Now more than ever, home is where many of us are seeking refuge and solace in light of the novel coronavirus. This is a tough time, but we’re here for you—whether it’s a new pantry recipe or a useful tip for your kitchen, here are some ideas to make things run a little more smoothly for you and your loved ones.
There’s no denying the instant boost a handful of cut flowers gives any room. Be it a generous arrangement you’re lucky enough to receive, or a bunch you grabbed from Trader Joe’s, flowers—or just leafy stems, for that matter—it can make even a windowless room feel warm and inviting.
But there’s something deeply upsetting about tossing a wilted bouquet; it always feels like it was just yesterday that you were fluffing up your still-closed ranunculus, and suddenly they’re stinking up the kitchen with their funky water. So, how does one go about livening up their home and maintaining that for more than a few days?
We posed these questions to Christina Stembel, founder of Farmgirl Flowers, and she shared her homemade flower food recipe (much like, you know, the little packets that come wrapped up in the rubber band of a bouquet), and her best tips for extending the life of your stems.
Use a Dark Vase
First things first: “we strongly recommend using either a dark glass vase or ceramic vessel,” says Stembel. “Darker glass or ceramics won’t allow sunlight into the water, which can increase the rate at which the stems decay.” Sure, mason jars are adorable, but if you’re planning on displaying the bouquet where the sun hits, go for a darker vessel.
Add DIY Flower Food
“When we first started making flower food,” Stembel says, “we followed an older recipe from Martha Stewart (the queen!). Since then, we’ve made a few tweaks to suit our production and the ingredients we have on hand.” The industrial formula they use is: 1 gallon of water + 4 teaspoons bleach + 4 teaspoons vinegar + 4 tablespoons sugar. Here's how you can scale that down for your own bouquet: 1 quart water, 1 teaspoon bleach, 1 teaspoon vinegar, and 1 tablespoon sugar.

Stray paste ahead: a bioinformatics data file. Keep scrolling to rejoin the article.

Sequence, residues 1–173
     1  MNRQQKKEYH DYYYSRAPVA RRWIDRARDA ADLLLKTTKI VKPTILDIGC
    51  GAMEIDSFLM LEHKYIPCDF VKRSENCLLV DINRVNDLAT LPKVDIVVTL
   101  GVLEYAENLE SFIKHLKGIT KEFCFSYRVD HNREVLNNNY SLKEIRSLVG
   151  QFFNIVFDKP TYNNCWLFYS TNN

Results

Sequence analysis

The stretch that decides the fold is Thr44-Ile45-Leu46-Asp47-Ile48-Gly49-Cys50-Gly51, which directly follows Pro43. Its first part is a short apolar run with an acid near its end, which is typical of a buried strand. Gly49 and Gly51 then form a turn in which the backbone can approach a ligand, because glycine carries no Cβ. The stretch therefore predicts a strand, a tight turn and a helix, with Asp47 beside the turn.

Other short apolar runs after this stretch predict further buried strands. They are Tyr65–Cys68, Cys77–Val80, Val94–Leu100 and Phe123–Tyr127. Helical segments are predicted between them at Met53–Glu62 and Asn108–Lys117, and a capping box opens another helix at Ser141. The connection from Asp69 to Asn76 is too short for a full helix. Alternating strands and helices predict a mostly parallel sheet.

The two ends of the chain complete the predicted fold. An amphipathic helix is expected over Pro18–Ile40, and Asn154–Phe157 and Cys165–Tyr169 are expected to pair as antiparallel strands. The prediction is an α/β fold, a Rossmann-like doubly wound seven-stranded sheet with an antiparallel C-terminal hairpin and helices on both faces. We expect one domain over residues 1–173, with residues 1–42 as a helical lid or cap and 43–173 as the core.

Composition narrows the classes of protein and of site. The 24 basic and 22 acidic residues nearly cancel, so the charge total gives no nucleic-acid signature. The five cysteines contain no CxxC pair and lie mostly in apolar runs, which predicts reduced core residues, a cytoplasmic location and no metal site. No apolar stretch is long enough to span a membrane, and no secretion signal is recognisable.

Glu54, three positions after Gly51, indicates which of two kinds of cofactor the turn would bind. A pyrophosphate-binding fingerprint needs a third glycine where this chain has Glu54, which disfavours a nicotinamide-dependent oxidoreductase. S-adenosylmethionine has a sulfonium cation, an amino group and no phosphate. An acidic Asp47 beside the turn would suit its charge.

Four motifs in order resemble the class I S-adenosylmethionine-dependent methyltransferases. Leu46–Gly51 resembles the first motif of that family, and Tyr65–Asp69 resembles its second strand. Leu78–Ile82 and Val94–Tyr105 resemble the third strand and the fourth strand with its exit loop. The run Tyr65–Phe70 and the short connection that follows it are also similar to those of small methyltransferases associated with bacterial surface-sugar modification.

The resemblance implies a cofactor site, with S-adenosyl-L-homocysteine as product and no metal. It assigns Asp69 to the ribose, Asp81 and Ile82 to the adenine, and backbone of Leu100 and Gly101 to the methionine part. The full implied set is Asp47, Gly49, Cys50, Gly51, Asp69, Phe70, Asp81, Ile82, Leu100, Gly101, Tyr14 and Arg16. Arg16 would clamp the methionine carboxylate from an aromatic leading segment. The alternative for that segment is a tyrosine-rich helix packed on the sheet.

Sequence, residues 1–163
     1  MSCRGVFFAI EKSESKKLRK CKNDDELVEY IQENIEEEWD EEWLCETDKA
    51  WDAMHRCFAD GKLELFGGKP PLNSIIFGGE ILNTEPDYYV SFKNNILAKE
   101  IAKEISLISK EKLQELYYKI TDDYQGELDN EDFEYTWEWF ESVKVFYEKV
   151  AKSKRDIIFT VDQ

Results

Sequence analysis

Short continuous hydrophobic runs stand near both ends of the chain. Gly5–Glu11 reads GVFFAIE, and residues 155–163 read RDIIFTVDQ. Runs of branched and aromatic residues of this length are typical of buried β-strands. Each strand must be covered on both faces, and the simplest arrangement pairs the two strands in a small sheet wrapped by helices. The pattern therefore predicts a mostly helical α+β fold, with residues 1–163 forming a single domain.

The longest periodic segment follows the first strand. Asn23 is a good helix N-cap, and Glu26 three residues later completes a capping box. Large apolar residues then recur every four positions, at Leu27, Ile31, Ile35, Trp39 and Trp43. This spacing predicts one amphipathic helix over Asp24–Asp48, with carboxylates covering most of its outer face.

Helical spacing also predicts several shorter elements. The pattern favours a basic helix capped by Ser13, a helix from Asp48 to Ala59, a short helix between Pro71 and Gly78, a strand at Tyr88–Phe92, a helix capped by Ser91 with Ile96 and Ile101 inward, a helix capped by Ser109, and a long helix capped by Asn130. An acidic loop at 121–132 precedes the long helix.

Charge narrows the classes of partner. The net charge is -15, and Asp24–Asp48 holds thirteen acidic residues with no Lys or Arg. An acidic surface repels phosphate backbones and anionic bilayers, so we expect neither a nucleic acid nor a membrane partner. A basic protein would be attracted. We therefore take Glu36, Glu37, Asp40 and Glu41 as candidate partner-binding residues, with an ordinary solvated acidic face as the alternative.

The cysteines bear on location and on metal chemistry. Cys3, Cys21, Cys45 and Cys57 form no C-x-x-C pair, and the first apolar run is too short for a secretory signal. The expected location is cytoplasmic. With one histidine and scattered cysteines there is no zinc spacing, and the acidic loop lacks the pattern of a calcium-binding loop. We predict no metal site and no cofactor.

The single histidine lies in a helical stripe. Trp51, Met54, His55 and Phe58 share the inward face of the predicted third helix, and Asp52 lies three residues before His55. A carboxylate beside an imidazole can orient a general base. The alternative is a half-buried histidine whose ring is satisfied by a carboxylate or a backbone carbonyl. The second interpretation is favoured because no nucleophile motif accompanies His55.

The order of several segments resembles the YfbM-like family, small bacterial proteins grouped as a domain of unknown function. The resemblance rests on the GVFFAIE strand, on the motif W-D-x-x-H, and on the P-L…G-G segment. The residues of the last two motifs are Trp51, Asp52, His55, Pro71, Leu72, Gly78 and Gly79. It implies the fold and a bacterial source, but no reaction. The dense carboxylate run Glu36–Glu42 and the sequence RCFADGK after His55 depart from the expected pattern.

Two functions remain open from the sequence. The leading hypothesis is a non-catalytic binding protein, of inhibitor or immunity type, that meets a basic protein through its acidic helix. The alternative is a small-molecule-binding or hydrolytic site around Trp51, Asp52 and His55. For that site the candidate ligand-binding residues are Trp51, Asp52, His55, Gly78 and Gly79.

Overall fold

Bear in mind, according to Stembel, “the truth is, flower food is most effective for flowers that are fresh cut.” As the flowers age, they still get a boost from this DIY food (don’t we all with a little sugar!); the bleach component also helps to kill bacteria as it’s generated in the vase. Some people even use Sprite or other clear sodas as a sugary flower food, but Stembel still recommends a little bleach (in the same proportions as earlier stated), but when subbing soda in for sugar, go with one-part clear soda to three-parts water. Remember, if you’re going this route do not use diet soda and make sure it’s a clear variety, like Sprite. Colas or even ginger ale don’t work for this!
Trim Stems Daily
Keeping the bottoms of the stems fresh ensures they can most effectively absorb water. Stems should be trimmed at least half an inch when they first come home. Remember, when you’re trimming the stems (with these guys), time is of the essence: Put fresh cut stems back in the water immediately after trimming. Once cut, the stems will begin to seal up. “Delaying putting them in the vase will inhibit their ability to hydrate properly,” Stembel warns.
Keep Flowers in a Cool Location
Keeping your flowers out of extreme conditions (like super-hot window sills) will prevent them from dying faster and cause build up in their water source. Most flowers prefer cool, shady spots in your house, so also keep them away from the radiator in the winter, too.
Change the Water Daily
Just like people, flowers don’t thrive when they’re drinking stagnant, dirty water. Daily water changes flush out any bacteria the flowers are sitting in, and they also eliminate any odor that comes with rotting plants.
Remove Any Stems as They Die
Pruning dead stems will remove sources of excessive bacteria—decaying flowers release bacteria into the water faster than fresher stems. You should also remove any leaves that fall below the waterline each time you change the water.
Clean Your Vase
It’s important to do this after removing a dying bouquet and right before you put a new one in it. A lot of people don’t consider the bacteria that can be in the vase before the bouquet goes in. A good rinse with warm water and soap will make sure the flowers have a clean start.